Feeds

Feed curry to sheep, boffins suggest

Lamb pasanda to cut methane emissions?

Application security programs and practises

Tests by scientists from the University of Newcastle have suggested that spices commonly used in curry could cut methane emissions from flatulent sheep.

Research student Mohammad Mehedi Hasan and Dr Abdul Shakoor Chaudhry probed the possible beneficial effects on ovine guts of cinnamon, cloves, coriander, cumin and turmeric.

Perhaps mercifully, they chose not to test their cunning curry plan on live sheep, but rather ground the spices "to simulate chewing by the sheep", before sticking them in an in-vitro solution which acted as a subsitute sheepish digestive fluid.

The results were that coriander reduced methane production by 40 per cent, while turmeric and cumin provoked cuts of 30 and 22 per cent, respectively.

Hasan said: “Spices have long been used safely by humans to kill bacteria and treat a variety of ailments - coriander seeds, for example, are often prescribed for stomach complaints while turmeric and cloves are strong antiseptics.

“Methane is a major contributor to global warming and the slow digestive system of ruminant animals such as cows and sheep makes them a key producer of the gas.

“What my research found was that certain spices contain properties which make this digestive process more efficient so producing less waste – in this case, methane.”

The findings form part of ongoing research by Hasan and Chaudhry, the latest episode of which ("Chemical Composition of Selected Forages and Spices and the Effect of These Spices on In vitro Rumen Degradability of Some Forages") can be found in the Asian-Australasian Journal of Animal Sciences. ®

Bootnote

The article listing of the current issue of Asian-Australasian Journal of Animal Sciences makes for some interesting reading. Consider if you will "Effect of Selenium-enriched Japanese Radish Sprouts and Rhodobacter capsulatus on the Cholesterol and Immune Response of Laying Hens", "Sensory, Physicochemical and Microbiological Changes in Water-cooked Salted Duck during Storage at 4°C", or even "Quality Evaluation of Sliced and Pizza Cheeses Treated by Gamma and Electron Beam Irradiation".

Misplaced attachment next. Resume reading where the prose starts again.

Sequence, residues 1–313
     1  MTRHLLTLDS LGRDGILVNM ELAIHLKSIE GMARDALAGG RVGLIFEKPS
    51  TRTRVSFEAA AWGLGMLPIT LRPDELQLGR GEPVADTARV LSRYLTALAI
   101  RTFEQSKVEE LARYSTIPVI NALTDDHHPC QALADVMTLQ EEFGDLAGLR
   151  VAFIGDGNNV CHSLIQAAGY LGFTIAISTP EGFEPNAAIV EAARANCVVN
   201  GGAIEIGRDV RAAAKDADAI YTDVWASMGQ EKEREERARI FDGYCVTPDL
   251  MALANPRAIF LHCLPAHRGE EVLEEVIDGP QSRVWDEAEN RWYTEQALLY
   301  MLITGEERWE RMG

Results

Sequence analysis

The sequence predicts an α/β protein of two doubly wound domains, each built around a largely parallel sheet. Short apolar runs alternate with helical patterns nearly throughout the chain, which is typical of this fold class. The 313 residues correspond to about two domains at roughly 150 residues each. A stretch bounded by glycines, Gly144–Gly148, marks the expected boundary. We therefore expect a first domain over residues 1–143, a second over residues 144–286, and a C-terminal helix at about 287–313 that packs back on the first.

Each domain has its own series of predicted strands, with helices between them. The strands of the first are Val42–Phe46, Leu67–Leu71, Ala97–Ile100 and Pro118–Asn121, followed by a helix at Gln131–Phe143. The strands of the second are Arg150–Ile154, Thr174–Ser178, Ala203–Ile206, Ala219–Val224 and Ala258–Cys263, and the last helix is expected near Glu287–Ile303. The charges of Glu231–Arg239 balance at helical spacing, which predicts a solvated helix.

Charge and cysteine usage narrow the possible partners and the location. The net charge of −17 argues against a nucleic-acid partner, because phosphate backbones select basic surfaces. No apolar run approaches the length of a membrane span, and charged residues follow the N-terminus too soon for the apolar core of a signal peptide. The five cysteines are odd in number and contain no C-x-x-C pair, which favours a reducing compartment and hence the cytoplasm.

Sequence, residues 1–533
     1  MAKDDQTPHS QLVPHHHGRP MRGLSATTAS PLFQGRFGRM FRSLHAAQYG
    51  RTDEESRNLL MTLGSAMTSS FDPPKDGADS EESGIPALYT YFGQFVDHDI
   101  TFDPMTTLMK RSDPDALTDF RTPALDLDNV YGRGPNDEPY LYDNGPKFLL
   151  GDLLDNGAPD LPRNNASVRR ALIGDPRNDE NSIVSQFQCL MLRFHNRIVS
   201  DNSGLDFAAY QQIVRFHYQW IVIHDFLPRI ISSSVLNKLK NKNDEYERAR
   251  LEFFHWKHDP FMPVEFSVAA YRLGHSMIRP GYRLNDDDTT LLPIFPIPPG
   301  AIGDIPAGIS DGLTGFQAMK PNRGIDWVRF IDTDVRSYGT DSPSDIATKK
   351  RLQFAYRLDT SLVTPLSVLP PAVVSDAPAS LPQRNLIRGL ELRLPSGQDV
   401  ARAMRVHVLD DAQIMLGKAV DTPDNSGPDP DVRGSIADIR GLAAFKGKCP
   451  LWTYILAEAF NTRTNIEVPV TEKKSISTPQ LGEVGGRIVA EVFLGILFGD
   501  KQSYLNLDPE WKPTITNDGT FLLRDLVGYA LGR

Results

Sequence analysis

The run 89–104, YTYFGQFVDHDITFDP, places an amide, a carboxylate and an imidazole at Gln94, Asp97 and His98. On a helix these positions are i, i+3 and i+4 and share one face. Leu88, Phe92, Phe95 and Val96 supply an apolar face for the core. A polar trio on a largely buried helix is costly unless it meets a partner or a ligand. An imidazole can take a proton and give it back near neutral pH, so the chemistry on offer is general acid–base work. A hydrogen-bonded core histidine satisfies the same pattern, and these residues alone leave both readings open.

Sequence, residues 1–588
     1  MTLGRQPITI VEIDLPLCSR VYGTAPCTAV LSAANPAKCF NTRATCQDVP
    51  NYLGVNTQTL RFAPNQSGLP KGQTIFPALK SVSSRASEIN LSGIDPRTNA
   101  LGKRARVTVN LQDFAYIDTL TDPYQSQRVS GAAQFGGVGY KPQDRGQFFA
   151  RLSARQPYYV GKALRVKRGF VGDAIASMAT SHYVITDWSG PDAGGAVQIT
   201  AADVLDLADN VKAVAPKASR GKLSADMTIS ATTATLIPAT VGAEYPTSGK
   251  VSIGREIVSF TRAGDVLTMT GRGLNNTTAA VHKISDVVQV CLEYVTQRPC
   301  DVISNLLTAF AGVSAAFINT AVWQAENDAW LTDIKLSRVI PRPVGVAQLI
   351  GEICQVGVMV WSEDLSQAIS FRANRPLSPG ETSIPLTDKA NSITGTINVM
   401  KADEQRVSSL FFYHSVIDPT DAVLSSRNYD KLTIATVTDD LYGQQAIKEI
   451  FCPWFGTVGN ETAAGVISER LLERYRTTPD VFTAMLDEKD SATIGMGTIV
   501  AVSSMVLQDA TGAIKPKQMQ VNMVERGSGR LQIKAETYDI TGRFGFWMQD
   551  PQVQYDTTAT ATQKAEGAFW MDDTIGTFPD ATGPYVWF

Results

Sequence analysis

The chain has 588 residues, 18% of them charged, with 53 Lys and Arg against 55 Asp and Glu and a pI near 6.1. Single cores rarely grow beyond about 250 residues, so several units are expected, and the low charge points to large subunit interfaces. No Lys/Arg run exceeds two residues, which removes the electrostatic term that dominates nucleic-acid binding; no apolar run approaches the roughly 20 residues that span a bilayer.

Build a business case: developing custom apps

More from The Register

next story
Asteroid's DINO KILLING SPREE just bad luck – boffins
Sauricide WASN'T inevitable, reckon scientists
BEST BATTERY EVER: All lithium, all the time, plus a dash of carbon nano-stuff
We have found the Holy Grail (of batteries) - boffins
The Sun took a day off last week and made NO sunspots
Someone needs to get that lazy star cooking again before things get cold around here
Boffins discuss AI space program at hush-hush IARPA confab
IBM, MIT, plenty of others invited to fill Uncle Sam's spy toolchest, but where's Google?
Famous 'Dish' radio telescope to be emptied in budget crisis: CSIRO
Radio astronomy suffering to protect Square Kilometre Array
Bad back? Show some spine and stop popping paracetamol
Study finds common pain-killer doesn't reduce pain or shorten recovery
prev story

Whitepapers

Implementing global e-invoicing with guaranteed legal certainty
Explaining the role local tax compliance plays in successful supply chain management and e-business and how leading global brands are addressing this.
Consolidation: The Foundation for IT Business Transformation
In this whitepaper learn how effective consolidation of IT and business resources can enable multiple, meaningful business benefits.
Application security programs and practises
Follow a few strategies and your organization can gain the full benefits of open source and the cloud without compromising the security of your applications.
How modern custom applications can spur business growth
Learn how to create, deploy and manage custom applications without consuming or expanding the need for scarce, expensive IT resources.
Securing Web Applications Made Simple and Scalable
Learn how automated security testing can provide a simple and scalable way to protect your web applications.